Advent 2c – Sunday 9th December 2012
Luke 3: 1-6
In the fifteenth year of the rule of Caesar Tiberius—it was while Pontius Pilate was governor of Judea; Herod, ruler of Galilee; his brother Philip, ruler of Iturea and Trachonitis; Lysanias, ruler of Abilene; during the Chief-Priesthood of Annas and Caiaphas—John, Zachariah’s son, out in the desert at the time, received a message from God. He went all through the country around the Jordan River preaching a baptism of life-change leading to forgiveness of sins, as described in the words of Isaiah the prophet:
Thunder in the desert!
“Prepare God’s arrival!
Make the road smooth and straight!
Every ditch will be filled in,
Every bump smoothed out,
The detours straightened out,
All the ruts paved over.
Everyone will be there to see
The parade of God’s salvation.”
What’s the point? Where does the emphasis lie in this reading from Luke’s gospel? Does the list of leaders at the beginning point us in any specific direction? Or does the focus on Isaiah’s prophecy lead us down another route?
Should a passage be one dimensional? Or is it enhance by other aspects? I’ve been to the cinema on a few occasions and watched 3-D films and on most occasions it seems to add something to the film rather subtract. I’ve even experienced Sponge Bob Square Pants in 4-D!
So if a Bible passage is multi-dimensional then it adds depth, height, intensity, texture and meaning to the words. And the depth to this passage is introduced by the wonderfully challenging words of Isaiah. Intensity is met when the unasked question seems to be: see this list of leaders? Are they preparing God’s arrival? Height is added by the presence of John, a well-respected if somewhat unorthodox influence, and his straight talking, no-nonsense approach to faith and life. Texture is added in the meeting between prophets old and new – Isaiah and John. And meaning is to be found in 10 words that lie in the middle of this passage that often get overlooked: “a baptism of life-change leading to forgiveness of sins”.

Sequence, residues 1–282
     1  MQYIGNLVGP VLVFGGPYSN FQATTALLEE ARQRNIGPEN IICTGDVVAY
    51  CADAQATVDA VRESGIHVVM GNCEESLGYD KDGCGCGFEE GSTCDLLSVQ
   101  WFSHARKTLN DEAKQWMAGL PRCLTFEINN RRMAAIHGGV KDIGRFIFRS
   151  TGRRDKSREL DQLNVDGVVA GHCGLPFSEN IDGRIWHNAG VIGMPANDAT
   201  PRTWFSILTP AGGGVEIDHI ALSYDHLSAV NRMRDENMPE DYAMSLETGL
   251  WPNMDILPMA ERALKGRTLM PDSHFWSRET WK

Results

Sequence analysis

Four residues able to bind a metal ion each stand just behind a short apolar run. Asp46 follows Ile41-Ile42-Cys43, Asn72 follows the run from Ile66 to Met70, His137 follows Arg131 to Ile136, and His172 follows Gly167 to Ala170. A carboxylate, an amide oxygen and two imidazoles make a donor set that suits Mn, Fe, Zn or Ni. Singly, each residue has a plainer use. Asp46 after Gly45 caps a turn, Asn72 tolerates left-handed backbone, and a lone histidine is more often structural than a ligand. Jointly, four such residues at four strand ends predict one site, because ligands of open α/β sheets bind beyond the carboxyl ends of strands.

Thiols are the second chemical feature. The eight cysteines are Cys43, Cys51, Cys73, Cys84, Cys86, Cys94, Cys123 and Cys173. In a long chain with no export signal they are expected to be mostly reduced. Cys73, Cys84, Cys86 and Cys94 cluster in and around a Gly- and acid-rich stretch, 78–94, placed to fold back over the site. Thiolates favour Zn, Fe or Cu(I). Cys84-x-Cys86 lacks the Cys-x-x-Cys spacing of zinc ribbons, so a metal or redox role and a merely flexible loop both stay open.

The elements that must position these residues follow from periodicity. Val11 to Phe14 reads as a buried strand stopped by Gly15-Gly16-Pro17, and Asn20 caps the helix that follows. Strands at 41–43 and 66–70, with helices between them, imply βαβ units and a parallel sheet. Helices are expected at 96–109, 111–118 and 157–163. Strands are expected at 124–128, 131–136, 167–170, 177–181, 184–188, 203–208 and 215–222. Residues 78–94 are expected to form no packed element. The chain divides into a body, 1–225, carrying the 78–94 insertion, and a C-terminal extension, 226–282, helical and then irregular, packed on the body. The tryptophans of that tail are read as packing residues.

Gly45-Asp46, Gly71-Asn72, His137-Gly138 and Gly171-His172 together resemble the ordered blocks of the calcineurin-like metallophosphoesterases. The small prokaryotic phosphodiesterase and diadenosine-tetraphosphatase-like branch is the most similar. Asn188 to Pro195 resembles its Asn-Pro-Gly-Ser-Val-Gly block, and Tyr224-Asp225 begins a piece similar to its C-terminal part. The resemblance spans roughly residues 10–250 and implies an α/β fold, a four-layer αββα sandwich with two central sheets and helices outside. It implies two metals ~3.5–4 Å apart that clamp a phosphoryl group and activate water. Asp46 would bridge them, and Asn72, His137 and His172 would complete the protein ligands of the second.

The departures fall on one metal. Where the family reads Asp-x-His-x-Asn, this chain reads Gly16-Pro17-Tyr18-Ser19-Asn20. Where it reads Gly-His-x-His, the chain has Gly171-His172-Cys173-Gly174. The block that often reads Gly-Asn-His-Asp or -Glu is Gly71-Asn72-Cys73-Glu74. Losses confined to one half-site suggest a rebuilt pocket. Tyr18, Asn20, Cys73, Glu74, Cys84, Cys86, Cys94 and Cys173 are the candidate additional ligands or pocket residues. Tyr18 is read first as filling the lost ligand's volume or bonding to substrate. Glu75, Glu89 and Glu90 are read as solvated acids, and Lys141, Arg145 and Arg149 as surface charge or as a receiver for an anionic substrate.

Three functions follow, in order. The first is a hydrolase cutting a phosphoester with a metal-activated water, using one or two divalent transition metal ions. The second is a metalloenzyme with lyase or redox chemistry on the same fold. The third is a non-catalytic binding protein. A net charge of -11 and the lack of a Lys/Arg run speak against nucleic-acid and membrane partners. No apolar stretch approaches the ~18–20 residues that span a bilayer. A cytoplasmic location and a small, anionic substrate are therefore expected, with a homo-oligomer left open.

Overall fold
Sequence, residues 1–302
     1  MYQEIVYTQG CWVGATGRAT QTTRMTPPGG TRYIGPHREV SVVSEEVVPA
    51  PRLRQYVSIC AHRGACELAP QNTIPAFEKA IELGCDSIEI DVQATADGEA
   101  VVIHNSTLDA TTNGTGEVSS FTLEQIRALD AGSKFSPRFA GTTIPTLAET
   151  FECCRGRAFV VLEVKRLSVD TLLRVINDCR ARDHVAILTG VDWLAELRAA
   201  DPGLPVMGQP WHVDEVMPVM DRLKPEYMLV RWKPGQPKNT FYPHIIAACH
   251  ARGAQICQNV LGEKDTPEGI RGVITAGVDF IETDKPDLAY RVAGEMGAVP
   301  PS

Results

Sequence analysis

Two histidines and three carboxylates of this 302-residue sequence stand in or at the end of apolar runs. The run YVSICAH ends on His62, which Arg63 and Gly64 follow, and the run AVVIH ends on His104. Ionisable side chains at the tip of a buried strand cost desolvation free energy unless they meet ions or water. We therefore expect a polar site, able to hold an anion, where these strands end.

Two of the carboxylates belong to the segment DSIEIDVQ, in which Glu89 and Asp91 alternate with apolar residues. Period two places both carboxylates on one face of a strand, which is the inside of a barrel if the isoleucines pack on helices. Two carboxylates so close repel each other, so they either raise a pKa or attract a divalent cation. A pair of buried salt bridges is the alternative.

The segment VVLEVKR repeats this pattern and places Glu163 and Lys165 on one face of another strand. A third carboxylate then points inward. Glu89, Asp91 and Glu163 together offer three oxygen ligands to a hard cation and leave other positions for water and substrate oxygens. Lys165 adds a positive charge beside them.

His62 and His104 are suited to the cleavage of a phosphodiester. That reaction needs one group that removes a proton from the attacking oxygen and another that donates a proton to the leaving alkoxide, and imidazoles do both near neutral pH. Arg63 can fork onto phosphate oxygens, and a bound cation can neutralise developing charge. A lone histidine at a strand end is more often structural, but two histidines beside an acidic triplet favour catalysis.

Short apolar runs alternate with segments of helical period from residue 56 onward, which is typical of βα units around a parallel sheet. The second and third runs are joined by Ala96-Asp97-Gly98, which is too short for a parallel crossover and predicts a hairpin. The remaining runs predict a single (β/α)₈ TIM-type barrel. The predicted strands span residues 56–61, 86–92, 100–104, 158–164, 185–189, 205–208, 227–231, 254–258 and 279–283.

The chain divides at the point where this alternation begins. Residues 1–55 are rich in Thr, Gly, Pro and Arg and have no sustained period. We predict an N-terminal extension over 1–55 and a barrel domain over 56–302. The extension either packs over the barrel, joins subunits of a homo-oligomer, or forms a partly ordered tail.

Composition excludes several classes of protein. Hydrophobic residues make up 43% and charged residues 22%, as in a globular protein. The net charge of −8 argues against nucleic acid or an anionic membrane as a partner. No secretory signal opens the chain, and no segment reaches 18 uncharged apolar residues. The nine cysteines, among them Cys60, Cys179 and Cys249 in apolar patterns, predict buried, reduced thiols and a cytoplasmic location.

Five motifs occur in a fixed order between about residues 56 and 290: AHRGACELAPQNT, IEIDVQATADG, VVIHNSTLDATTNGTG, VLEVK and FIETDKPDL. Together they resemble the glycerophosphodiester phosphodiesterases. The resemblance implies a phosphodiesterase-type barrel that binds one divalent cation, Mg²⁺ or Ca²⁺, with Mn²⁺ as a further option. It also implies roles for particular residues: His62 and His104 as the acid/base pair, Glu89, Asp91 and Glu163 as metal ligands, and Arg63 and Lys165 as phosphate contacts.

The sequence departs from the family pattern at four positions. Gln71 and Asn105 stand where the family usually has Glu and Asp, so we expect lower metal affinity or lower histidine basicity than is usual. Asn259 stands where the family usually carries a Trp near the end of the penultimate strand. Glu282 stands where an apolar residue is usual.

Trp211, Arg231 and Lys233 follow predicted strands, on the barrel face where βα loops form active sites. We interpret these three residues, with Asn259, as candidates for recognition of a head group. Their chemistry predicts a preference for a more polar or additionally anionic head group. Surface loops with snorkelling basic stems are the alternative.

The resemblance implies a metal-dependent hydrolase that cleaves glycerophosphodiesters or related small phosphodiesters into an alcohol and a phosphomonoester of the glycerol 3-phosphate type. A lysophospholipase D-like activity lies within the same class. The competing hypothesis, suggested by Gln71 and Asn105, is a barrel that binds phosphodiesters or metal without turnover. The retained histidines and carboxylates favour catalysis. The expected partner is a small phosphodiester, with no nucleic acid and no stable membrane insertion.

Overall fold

What’s the point? This Advent go out and look for the depth, height, intensity, texture and meaning that you might be missing that add another dimension to the Christmas story and our life of faith. Find the story of salvation.